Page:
And most importantly, if you are thinking seriously about making Aliyah because, well, it’s just not working out for you in the U.S., think again, please, for your own good.

Because I love the fact that my adorable kids now speak Hebrew with Israeli accents, and, in fact, not even here two years, they already translate their thoughts into English to speak with us in the house.

But I can also tell you the story about my son Tzviki, who didn’t speak a word of Hebrew for the first nine months we lived here. We dropped him into a class with no English speakers (including the teachers), and he rejected everything, instead burying his head in any English books he could get his hands on.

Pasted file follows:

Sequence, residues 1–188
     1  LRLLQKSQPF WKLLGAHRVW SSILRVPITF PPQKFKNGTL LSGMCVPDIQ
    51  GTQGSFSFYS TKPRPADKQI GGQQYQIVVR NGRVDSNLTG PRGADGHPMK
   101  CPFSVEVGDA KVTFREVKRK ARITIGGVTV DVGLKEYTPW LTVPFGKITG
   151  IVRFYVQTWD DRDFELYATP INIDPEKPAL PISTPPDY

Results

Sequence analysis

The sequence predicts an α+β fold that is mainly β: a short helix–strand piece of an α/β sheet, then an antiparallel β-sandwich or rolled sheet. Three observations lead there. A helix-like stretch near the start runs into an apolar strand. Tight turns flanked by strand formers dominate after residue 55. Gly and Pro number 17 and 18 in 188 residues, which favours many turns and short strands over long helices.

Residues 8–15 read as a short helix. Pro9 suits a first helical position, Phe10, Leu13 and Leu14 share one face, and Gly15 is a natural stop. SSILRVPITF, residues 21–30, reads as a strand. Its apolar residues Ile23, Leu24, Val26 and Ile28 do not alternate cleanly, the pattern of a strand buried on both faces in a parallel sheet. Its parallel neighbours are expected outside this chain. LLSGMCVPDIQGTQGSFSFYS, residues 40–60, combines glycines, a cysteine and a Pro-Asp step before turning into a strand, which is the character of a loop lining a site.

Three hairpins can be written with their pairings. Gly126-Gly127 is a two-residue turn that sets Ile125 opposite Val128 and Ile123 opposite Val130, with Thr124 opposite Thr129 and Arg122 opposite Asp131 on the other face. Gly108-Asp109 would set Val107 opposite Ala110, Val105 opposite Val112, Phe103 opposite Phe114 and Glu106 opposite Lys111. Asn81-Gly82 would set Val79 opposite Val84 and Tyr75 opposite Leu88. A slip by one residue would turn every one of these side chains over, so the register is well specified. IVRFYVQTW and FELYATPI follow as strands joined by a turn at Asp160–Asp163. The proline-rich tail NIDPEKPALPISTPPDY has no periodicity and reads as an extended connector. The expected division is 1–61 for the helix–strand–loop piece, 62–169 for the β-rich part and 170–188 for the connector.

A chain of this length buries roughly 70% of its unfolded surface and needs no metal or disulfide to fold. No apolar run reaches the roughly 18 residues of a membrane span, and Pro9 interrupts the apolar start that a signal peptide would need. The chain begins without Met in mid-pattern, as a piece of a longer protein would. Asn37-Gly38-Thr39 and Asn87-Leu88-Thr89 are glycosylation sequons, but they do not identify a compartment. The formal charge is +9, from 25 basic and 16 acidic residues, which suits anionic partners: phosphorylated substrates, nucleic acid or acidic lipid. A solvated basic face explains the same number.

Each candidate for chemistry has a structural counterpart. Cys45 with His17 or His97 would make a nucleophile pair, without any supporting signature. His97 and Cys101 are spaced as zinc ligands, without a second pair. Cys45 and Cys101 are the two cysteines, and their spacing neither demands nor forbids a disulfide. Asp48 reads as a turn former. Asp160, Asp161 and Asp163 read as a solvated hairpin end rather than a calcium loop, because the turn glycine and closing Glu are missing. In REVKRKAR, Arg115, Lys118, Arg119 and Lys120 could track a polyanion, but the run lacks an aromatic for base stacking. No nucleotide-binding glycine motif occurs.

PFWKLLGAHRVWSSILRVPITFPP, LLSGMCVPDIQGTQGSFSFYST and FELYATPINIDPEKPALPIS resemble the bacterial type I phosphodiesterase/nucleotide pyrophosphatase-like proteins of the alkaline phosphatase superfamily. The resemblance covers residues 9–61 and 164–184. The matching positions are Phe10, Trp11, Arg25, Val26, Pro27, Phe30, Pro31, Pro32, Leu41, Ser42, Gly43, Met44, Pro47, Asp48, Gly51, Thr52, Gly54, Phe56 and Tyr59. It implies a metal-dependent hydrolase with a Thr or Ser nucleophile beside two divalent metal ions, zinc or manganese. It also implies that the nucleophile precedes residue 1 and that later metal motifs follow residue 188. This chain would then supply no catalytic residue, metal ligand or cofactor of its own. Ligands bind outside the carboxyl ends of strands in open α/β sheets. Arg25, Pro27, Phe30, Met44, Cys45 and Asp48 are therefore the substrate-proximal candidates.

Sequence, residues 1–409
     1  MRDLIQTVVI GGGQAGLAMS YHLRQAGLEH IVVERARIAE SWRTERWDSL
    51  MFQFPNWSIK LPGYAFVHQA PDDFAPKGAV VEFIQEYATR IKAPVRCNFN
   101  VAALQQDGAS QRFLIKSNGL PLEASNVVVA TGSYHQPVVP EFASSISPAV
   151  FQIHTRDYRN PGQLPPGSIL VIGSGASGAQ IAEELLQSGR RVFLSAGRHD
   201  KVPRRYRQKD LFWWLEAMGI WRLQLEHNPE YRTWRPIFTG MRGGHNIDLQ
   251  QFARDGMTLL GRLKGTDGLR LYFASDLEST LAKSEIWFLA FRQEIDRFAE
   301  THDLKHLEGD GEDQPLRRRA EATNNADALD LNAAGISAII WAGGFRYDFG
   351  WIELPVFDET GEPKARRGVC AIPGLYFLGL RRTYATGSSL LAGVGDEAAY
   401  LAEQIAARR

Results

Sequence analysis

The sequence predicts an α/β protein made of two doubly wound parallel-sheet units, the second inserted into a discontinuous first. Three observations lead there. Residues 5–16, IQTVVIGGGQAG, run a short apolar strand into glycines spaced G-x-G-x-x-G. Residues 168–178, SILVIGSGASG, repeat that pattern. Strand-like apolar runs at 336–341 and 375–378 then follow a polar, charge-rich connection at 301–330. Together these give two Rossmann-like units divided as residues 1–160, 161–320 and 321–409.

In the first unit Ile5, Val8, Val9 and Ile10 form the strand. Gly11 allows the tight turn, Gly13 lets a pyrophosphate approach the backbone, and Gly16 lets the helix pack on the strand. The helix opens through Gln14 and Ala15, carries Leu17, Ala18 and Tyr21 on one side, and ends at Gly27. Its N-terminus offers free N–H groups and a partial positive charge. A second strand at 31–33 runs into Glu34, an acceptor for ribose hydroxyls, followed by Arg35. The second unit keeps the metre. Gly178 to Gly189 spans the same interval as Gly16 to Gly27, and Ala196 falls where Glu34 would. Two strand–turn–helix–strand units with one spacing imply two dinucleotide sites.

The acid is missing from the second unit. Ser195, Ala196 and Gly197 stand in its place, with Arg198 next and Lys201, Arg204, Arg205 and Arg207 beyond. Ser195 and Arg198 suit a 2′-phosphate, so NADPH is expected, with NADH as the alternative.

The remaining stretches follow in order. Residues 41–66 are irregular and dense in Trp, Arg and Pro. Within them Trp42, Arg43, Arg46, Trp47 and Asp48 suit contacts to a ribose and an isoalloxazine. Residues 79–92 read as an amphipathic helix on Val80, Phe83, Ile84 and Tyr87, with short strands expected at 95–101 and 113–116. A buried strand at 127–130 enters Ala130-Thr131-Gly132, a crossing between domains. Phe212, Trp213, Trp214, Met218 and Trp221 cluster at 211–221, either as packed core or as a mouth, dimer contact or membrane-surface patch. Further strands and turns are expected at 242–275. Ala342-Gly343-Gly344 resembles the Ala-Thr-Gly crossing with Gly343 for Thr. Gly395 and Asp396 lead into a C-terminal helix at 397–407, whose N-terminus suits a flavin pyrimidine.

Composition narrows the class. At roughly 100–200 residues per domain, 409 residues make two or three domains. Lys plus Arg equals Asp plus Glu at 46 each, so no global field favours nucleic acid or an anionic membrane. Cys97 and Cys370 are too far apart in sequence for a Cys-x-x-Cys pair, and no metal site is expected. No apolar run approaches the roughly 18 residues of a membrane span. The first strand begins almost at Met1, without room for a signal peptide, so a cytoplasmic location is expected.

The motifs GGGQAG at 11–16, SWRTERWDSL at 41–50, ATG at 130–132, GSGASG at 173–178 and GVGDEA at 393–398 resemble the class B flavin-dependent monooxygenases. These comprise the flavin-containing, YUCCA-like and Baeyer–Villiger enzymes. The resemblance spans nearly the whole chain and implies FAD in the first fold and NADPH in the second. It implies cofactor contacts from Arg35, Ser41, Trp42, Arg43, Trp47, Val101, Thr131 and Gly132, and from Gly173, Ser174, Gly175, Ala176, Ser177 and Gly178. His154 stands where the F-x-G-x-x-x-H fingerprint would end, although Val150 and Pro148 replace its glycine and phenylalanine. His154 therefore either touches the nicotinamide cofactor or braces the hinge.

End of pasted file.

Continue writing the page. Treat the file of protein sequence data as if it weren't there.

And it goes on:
But even he is now on-track, and just a couple months ago, we saw him walk down our steps with his head buried in a Hebrew story book.

And I love that, when I’m in business meetings, even secular people are still Jewish. I was in a meeting a few weeks back, I talked about it on the show, and at a certain point, someone knocked on the door. One of the people in the meeting went to answer the door and no one was there. She shrugged her shoulders and said to all of us, “Eliyahu HaNavi.” And everyone in the room knew exactly what she was talking about. And I was the only kippa-wearer in the group.

This is an incredible place.

My oldest son, Ezra, called me the day after Sukkot and said, “Baruch Mashiv Haruach u’Morid HaGeshem!” (Blessed is the One who makes the wind blow and the One who makes the rain fall!) He said this because it was raining outside …the day after we had started to pray for it. This was amazing for two reasons: First, it’s incredible that our prayers are so specifically tied to nature here. But second, I love that my kids understand that.